Or perhaps more precisely -- with nudity.
And even more precisely -- with public nudity.
Last month, the San Francisco Board of Supervisors voted by the barest (pun not intended) margin -- 6 to 5 -- to ban public nudity. By public nudity, the law refers only to displaying one's genitals in public. San Francisco women are still free to walk around topless. But that is not unique to San Francisco. Years ago, the highest court in New York state ruled that since it sees no difference between a man's chest and a woman's, women should be free to walk around topless, just as men do.
Now why is all this significant?
Leftism seeks to undo most of the values that are distinct to Judeo-Christian religions. That is why the left has always been so anti-religious and especially anti-Christian. Karl Marx understood that a vibrant leftism and a vibrant Christianity could not coexist. He was right.
Two of the many areas of conflict between Judeo-Christian values and leftism concern the separation between the holy and the profane and separation between humans and animals.
The essence of the Hebrew Bible -- as transmitted by Christianity -- is separation: between life and death, nature and God, good and evil, man and woman and between the holy and the profane.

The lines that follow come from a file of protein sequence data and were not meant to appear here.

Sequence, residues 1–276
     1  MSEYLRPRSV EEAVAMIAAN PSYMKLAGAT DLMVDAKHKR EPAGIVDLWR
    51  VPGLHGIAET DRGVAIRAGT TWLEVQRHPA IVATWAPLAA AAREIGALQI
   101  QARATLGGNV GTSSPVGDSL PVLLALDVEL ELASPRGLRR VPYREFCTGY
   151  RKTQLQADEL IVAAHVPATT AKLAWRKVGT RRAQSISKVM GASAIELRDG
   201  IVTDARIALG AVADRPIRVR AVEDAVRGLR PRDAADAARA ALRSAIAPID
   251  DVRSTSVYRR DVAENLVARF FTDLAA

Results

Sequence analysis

The reasons to oppose public nudity emanate from this Judeo-Christian list of separations.
When human beings walk around with their genitals uncovered, they are behaving in a manner indistinguishable from animals. A major difference between humans and animals is clothing; clothing separates us from -- and in the biblical view, elevates us above -- the animal kingdom.
Seeing any animal's genitals is normal. Anyone who demanded that animals' genitals be covered would be regarded as a nut by the most religious Jew or Christian.
But one of our human tasks is to elevate us above the animal. And covering our genitals is one important way to do that.
The world of the left generally finds this animal-human distinction unnecessary. For years now, I have been reading article after article in major liberal newspapers and magazines about how much more alike humans and animals are than we ever thought. The theme of these articles is how narrow the differences really are between humans and animals.
Public nudity certainly forwards that theme.
The second reason to oppose public nudity also comes from the list of separations: the concept of the holy, or sacred.
Dennis Prager is a SRN radio show host, contributing columnist for Townhall.com and author of his newest book, “The Ten Commandments: Still the Best Moral Code.”